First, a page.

Dominican Sisters of Peace
celebrate years of service, devotion
This year, the Dominican Sisters of Peace (formerly the Great Bend Dominicans) celebrate a year of Jubilee, commemorating significant profession anniversaries of 70 Golden and Diamond Jubilarians. Six of these Sisters made their original professions of vows in Great Bend.
Sister Kathy Goetz, OP
(50 years professed)
When she entered the convent from St. Joseph Parish in Hays in 1962, Sister Kathy Goetz could not have imagined the blessings religious life had in store for her. In her early years, Sister Kathy taught at various schools in Kansas, including St. Magdalen in Wichita, St. Joseph in Scott City, and St. Dominic in Garden City. At the young age of 30, Sister Kathy was made motherhouse coordinator and later was named novice director. Earning a certificate in theological studies from the Jesuit School of Theology at Berkeley (California) in 1980, Sister Kathy began a ministry in accompanying individuals on their spiritual journeys, which she has continued in various roles since. She served in Canton, Oklahoma, ministering to the pastoral needs of Cheyenne and Arapaho Native Americans, then ministered for seven years as pastoral care director at Mount Joseph Senior Care Center in Concordia. She went on to serve in spiritual direction at the House of Contemplation (Liebenthal), in pastoral ministry at St. John Evangelist Parish (Hoisington), and as director of Associates for her congregation. When the Great Bend Dominicans united with six other congregations to form the Dominican Sisters of Peace in 2009, Sister Kathy moved to St. Catharine, Kentucky, where she served until recently as pastoral minister to her elderly and infirm Sisters at Sansbury Care Center. In August, she will assume the role of Hospitality Coordinator at Heartland Center of Spirituality in Great Bend. Sister Cecilia Ann Stremel, OP
(50 years professed)
Sister Cecilia Ann Stremel, OP, the daughter of Sim and Sophie (Herman) Stremel, grew up on a farm near Loretto, Kans., and attended St. Mary’s Church and Grade School in Loretto before her entrance into the convent. Sister Cecilia Ann was surrounded by strong examples of faith and commitment, including numerous aunts, uncles, and cousins who had entered religious life or the priesthood. As she celebrates 50 years as a Dominican Sister, she proclaims that her great aunt, Mother Mary Clare, had the greatest influence on her. “She was such a gentle, kind, holy person,” she explained. “I truly believe that her prayer, example, and love were the reason I became a religious.” Sister Cecilia Ann was a teacher from the time she graduated from Newman University, Wichita, in 1965 until 1987, ministering at schools throughout Kansas. Her assignments included St. Rose in Great Bend (1965-66, 1980-87), St. Mary in Garden City (1965, 1969-80), Sacred Heart in Cunningham (1966-67), and St. Boniface in Sharon (1967-69). Following a sabbatical year, in 1988 Sister Cecilia Ann embarked on a new ministerial direction in health care, which has proved to be a great blessing ever since. She feels privileged, she says, to be part of healing in the lives of persons of all ages, nationalities, and afflictions at the Heartland Center for Wholistic Health in Great Bend.
Sister Mary Rose Engel, OP
(75 years professed)
Sister Mary Rose Engel has given her entire ministerial life to the education of parochial school students. She once tried education as a nurse but soon learned that her calling is to be a teacher and principal in Kansas Catholic elementary schools. She taught and/or was principal in almost all the years from 1938 to the 1990s. She also gave nearly four years to the position of Local Coordinator at the Motherhouse in Great Bend, Kansas. At this time Sister Mary Rose resides in the convent infirmary in Great Bend and gives her days to prayer and friendship with the other sisters in the infirmary and at the Motherhouse.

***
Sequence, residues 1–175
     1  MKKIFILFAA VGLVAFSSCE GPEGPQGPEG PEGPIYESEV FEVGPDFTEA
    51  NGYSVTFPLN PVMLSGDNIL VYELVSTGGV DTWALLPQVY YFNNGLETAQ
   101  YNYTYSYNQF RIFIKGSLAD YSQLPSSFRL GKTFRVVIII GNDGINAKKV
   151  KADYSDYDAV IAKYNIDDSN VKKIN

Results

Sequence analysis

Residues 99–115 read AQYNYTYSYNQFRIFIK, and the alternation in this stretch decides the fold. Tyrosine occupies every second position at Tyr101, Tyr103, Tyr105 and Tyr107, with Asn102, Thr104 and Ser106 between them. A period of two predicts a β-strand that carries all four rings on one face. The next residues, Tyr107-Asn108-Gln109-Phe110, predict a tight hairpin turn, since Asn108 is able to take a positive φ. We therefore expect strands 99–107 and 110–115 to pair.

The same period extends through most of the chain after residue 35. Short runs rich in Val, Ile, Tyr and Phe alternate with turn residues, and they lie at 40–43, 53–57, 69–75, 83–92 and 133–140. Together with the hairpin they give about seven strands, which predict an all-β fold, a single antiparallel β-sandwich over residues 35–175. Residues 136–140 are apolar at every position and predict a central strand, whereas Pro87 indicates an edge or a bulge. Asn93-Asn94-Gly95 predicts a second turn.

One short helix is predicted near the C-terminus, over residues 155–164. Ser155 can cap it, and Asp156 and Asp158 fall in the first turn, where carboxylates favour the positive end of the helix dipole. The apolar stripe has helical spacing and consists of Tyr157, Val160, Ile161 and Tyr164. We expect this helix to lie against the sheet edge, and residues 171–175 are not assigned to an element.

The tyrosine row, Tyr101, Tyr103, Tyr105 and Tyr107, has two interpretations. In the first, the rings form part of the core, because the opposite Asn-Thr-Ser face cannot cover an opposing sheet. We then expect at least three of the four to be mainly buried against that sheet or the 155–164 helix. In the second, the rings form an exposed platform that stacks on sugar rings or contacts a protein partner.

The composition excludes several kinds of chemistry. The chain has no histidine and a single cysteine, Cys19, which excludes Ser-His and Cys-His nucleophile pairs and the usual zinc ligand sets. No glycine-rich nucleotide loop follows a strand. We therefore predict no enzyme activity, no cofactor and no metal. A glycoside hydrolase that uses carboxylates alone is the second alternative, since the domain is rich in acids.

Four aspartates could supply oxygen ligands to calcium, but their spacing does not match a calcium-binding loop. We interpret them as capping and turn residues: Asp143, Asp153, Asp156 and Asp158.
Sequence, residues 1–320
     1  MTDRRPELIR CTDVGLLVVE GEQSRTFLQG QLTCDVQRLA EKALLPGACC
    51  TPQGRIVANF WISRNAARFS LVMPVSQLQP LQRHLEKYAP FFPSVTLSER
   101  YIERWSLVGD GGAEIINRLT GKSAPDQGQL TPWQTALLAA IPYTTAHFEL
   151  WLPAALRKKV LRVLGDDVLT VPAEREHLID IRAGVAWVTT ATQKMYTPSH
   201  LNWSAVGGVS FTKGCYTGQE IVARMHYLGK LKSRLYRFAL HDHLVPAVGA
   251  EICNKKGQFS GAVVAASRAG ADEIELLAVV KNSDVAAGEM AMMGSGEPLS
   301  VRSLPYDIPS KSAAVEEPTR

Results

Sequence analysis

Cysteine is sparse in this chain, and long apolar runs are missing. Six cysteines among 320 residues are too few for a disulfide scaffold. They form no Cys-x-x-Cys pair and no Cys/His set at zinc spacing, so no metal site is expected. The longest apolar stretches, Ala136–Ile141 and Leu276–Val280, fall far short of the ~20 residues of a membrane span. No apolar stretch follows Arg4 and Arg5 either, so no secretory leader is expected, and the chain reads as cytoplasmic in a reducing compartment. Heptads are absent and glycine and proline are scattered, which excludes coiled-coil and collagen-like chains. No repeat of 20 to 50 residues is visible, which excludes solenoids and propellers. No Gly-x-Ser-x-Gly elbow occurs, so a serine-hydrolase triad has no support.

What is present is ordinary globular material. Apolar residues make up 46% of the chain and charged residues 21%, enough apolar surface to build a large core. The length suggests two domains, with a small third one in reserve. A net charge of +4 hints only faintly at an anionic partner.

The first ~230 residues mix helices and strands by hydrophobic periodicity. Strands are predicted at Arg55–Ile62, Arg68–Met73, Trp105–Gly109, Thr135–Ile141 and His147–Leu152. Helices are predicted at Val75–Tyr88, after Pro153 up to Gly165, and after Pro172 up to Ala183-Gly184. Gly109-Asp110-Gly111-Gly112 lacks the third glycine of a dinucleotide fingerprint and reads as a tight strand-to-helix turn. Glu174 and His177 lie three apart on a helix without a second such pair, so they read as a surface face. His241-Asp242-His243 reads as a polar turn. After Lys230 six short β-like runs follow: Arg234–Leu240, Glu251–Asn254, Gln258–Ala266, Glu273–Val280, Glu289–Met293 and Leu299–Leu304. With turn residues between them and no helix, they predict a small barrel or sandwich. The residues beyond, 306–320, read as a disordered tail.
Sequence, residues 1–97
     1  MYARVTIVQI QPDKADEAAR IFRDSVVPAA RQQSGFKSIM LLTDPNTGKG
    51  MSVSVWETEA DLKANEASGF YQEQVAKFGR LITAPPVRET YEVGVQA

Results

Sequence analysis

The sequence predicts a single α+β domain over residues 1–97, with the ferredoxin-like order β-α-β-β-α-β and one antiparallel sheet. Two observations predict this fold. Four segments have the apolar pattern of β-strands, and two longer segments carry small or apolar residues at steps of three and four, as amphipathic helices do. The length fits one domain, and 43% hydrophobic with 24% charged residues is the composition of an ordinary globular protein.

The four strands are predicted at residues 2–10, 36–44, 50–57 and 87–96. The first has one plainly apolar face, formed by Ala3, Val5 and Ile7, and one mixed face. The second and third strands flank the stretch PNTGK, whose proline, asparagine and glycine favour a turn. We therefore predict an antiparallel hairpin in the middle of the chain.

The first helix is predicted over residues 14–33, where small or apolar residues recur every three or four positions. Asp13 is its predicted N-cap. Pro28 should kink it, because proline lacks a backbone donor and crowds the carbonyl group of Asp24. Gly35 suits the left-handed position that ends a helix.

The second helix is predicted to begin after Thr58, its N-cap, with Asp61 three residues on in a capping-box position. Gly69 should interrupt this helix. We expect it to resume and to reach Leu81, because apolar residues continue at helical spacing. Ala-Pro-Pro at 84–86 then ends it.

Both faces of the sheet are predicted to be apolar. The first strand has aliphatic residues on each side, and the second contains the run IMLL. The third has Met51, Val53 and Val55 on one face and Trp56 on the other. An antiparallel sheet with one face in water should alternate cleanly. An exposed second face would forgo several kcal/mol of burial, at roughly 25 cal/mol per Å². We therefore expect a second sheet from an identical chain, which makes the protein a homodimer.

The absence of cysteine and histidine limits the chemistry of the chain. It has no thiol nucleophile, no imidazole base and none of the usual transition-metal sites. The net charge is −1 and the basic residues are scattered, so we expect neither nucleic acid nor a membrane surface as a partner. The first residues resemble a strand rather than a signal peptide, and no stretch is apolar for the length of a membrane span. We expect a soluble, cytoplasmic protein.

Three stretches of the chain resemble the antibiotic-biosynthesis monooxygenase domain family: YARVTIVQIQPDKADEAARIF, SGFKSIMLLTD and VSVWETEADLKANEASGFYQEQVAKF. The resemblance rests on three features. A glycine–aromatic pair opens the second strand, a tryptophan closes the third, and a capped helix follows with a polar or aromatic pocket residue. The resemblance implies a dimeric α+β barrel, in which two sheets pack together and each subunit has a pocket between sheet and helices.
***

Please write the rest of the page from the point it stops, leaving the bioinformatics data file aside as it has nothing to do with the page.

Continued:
Sister Amata Pantel, OP
(75 years professed)
Sister Amata Pantel has had a varied ministry in domestic services. She resided on many educational missions of the Sisters and was skilled in cooking and sewing. She has also served as a teacher aide in parochial schools in Saint Leo and Liberal, Kansas, as a home health aide in Great Bend, and as a gardener in the lovely shrines and grounds of the Motherhouse in Great Bend. Currently Sister Amata resides in the convent infirmary and is one of the daily prayer intercessors for the world’s needs.
Sister Bertilla Brungardt, OP
(65 years professed)
Sister Bertilla Brungardt has given excellent ministry in domestic support work for Sisters’ educational ministries, a bishop’s residence, Manna House of Prayer in Concordia, Kansas, and at the Dominican House of Studies in Rome, Italy. She worked as a health aide, a kitchen supervisor, and a cook at an adult day care center. Currently she volunteers at Saint Rose Ambulatory and Surgery Center in Great Bend as a volunteer, and in this way continues a ministry in health care that she loved so much when she was in pastoral care at Saint Catherine Hospital in Garden City, Kansas. She also assists in many duties at the Motherhouse in Great Bend where she resides. Sister Bertilla is always a smiling, positive presence among her Sisters at the Motherhouse.
Sister Diane Traffas, OP
(60 years professed)
Sister Diane Traffas began her ministry as an educator in parochial students of Kansas, Oklahoma, and Colorado. Later she served as Vice President for Mission Integration for Catholic Health Initiatives and was a missionary in Amakohia, Nigeria, West Africa. Currently, Sister Diane is Motherhouse Coordinator at Saint Catherine convent in Bardstown, Kentucky, where she resides, and a member of the Sponsored Ministries Board for her congregation, the Dominic Sisters of Peace. Sister Diane loves singing and spreads joy with her clever, appropriate, and often humorous verses to well-known tunes for community celebrations!